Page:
If you engage in selectively removing customer reviews that appear negative, you are essentially misleading consumers. The review section of your business reflects the feedback you receive from your customers and their overall perception. Manipulating reviews to create a false impression of your business is misleading conduct.  

The Australian Competition and Consumer Commission (ACCC) provides a guide on reviews for businesses and review platforms. One of the key guiding principles addresses the omission of reviews. It suggests that removing or even editing your customer reviews can in some ways be misleading. For example, there are accusations that Airbnb are removing critical reviews in order to promote it’s hosts.

When is it Legal?

The ACCC allows for the removal of customer reviews, where the purpose is to avoid publishing fake or offensive content. Most consumer review platforms will have detection tools and a removal function available for this reason. Moderating reviews is important to ensure your business isn’t seen to be indirectly promoting false or harmful information. Therefore, there is definitely a place for removing reviews, however, it must be done for ethical purposes and not to enhance your business’ profit margin.

When is it Illegal?

Section 18 and 34 of the Australian Consumer Law are the legal provisions that apply to online reviews. They dictate that any conduct that is misleading or deceptive, or that is liable to mislead the public is illegal. Removing or manipulating reviews to falsely inflate consumer perception of your business is a breach of these laws. The ACCC took Aveling Homes to court in 2017 for holding back customer reviews in order to create a more favourable impression. $380,000 was the overall penalty with an employee also individually receiving a $25,000 fine. This case highlights how seriously the legal system is treating the online review space in today’s market.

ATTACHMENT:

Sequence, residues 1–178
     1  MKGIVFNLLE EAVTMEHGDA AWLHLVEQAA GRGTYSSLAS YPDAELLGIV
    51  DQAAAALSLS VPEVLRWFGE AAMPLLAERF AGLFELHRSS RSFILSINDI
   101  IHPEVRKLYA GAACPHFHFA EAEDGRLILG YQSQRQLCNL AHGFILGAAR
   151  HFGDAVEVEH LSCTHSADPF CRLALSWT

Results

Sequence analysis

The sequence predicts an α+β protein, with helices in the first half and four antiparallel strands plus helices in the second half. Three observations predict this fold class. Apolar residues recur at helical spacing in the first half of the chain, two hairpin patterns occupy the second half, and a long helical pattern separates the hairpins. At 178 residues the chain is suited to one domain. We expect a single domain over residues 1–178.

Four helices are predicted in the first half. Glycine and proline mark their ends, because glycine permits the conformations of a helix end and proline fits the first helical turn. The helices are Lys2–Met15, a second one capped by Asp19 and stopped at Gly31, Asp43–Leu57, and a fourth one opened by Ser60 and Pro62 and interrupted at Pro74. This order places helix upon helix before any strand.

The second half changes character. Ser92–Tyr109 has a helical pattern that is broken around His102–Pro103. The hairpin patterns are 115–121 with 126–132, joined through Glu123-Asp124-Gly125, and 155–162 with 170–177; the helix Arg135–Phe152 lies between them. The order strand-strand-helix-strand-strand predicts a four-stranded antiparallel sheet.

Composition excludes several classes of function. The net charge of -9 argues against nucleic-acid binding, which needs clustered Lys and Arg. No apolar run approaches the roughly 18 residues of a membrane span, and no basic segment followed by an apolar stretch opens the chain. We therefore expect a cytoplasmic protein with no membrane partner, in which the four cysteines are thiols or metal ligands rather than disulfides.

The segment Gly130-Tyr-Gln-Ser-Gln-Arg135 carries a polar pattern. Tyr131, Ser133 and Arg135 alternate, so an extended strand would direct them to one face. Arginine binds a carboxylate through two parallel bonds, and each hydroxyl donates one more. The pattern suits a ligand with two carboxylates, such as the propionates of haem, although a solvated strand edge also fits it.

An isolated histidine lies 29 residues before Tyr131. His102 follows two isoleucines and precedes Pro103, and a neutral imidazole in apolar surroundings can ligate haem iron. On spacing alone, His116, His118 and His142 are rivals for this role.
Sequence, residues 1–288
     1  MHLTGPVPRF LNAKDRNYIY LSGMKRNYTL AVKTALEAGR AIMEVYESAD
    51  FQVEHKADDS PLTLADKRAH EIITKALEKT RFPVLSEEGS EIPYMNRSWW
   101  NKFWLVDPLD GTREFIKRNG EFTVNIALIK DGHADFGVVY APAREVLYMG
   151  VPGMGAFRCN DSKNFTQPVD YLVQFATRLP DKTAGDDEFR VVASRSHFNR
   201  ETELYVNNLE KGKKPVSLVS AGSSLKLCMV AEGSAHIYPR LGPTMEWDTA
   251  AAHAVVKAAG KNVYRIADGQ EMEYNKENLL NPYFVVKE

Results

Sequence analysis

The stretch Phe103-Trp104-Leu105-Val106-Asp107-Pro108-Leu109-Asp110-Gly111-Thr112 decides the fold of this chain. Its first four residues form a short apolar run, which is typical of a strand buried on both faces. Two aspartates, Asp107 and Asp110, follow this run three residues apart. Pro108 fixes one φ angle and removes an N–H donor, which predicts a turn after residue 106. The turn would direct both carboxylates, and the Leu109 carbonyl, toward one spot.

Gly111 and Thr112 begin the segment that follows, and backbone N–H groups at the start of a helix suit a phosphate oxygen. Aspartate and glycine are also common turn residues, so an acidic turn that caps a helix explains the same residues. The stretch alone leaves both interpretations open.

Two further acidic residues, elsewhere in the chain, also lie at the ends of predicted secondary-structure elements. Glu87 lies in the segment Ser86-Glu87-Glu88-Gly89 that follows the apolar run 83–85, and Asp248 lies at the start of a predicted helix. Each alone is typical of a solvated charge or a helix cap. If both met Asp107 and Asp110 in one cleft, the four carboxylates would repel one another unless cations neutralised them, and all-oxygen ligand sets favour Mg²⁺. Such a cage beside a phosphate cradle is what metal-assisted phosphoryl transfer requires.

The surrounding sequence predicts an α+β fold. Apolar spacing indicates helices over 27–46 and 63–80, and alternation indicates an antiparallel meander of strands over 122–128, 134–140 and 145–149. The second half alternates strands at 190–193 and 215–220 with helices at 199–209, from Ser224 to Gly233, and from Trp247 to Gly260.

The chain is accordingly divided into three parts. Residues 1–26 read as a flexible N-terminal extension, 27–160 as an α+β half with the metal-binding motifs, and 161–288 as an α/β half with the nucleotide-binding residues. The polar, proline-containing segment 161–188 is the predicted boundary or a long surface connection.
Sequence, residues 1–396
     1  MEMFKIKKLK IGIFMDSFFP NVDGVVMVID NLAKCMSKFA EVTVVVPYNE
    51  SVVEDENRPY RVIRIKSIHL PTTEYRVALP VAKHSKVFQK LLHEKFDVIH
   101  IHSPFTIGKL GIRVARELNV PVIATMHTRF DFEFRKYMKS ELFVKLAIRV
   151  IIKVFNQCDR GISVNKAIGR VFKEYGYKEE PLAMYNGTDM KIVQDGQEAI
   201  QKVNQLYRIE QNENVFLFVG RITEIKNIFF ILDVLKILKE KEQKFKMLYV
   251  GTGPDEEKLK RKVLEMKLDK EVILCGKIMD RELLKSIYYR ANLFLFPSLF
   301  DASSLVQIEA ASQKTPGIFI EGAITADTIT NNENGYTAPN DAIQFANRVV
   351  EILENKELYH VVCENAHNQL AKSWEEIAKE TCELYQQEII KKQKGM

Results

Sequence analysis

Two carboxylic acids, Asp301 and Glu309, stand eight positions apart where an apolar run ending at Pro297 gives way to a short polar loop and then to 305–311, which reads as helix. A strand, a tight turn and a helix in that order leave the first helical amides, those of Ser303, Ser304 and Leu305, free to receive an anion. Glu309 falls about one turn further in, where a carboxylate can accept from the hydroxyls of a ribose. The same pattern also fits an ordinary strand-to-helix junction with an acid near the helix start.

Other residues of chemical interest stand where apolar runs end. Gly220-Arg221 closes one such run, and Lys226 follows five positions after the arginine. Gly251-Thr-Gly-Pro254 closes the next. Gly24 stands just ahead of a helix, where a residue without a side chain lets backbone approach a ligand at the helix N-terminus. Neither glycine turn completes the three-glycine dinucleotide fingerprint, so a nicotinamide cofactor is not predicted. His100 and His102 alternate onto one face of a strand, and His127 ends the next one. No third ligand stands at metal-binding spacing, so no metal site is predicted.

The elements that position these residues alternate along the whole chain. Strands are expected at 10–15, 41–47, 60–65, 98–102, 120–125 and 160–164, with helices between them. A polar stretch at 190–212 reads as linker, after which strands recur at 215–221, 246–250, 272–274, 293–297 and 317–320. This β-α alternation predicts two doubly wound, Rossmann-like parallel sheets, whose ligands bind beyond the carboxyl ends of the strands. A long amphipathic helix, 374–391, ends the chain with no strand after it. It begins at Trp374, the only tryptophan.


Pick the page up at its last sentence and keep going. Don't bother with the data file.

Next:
Conclusion

Reviews are vital to the future of modern businesses and can have a huge impact on performance. The temptation to exploit them for short term success is punishable by the legal authority of consumer law. With the penalties reflecting the significant impact reviews have, engaging in this conduct can be extremely harmful to your business and you personally.

The advice of a business lawyer may be helpful in clearing up any concerns you may have with the review side of your business. Additionally, the ACCC’s guiding principles are a great starting point for business owners who may be unsure about how to use customer reviews. Following their recommendations will ensure you won’t find yourself in any legal strife.

Have more questions? Contact a LawPath consultant on 1800 529 728 to learn more about customising legal documents and obtaining a fixed-fee quote from Australia’s largest legal marketplace.

Christopher Tsiknas

Chris is a legal intern at LawPath and is currently studying a Bachelor of Business and Bachelor of Laws at UTS. He is interested in how marketing communication strategies can influence the future of legal technology.